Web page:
Whenever I see tragedy I immediately look for the economic opportunity it creates. So when I saw this news story about a guy who shot a woman because he thought she was a monkey, I wondered how the woman, who insists she is not a monkey, can cash in when she recovers.

http://www.msnbc.msn.com/id/29685956/?GT1=43001


My suggestion is that she should approach the people who make Nair and ask to be their spokesperson. The commercial could go something like this:

Spokesperson: "Are you tired of being shot because your neighbor thinks you're a monkey? Me too. That's why I use Nair. And now I buy my fruit from the grocery store. That probably helps too."

I'm going to closely follow this case. If the shooter gets acquitted I plan to use the monkey defense if I ever get arrested for a similar crime. Obviously I would only need that defense if I shoot an unarmed citizen, but frankly the only thing stopping me now is the lack of a good alibi. This monkey thing could be just the ticket.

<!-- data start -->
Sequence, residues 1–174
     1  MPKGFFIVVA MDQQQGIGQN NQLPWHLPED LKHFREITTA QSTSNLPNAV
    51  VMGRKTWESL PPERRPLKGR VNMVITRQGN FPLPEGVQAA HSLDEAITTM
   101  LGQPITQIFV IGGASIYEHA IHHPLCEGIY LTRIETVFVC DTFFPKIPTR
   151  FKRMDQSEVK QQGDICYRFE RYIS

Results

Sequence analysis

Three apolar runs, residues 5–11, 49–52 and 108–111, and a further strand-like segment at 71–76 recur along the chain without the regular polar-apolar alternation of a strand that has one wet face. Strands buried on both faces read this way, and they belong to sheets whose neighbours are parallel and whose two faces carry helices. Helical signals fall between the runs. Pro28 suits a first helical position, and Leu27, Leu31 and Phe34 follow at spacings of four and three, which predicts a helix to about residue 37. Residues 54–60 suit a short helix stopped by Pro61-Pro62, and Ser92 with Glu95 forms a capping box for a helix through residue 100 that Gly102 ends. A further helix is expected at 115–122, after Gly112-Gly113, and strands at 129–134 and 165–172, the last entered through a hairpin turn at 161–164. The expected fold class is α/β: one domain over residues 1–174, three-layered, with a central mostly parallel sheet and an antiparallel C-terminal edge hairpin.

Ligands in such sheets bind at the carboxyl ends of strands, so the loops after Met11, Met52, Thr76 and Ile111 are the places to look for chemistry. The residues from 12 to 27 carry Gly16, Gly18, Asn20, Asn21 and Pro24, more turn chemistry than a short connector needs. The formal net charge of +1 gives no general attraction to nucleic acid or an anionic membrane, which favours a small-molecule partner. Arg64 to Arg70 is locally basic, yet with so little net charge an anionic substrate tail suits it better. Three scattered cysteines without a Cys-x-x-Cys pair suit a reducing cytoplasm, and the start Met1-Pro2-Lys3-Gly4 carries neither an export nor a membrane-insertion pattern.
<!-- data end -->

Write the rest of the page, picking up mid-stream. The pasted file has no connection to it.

One problem with using the monkey alibi in a California suburb is that we don't have enough actual monkeys to make the story seem plausible. So in phase one of this plan I will need to breed monkeys in my garage and release them until some sort of critical monkey mass has been achieved. Then I'll never have to listen to someone talk on a cell phone during a movie again. I'll tell the arresting officers "I thought it was a monkey."

But with my luck there is probably some sort of law against shooting monkeys in crowded movie theaters anyway, no matter how much they deserve it. I should probably do more research.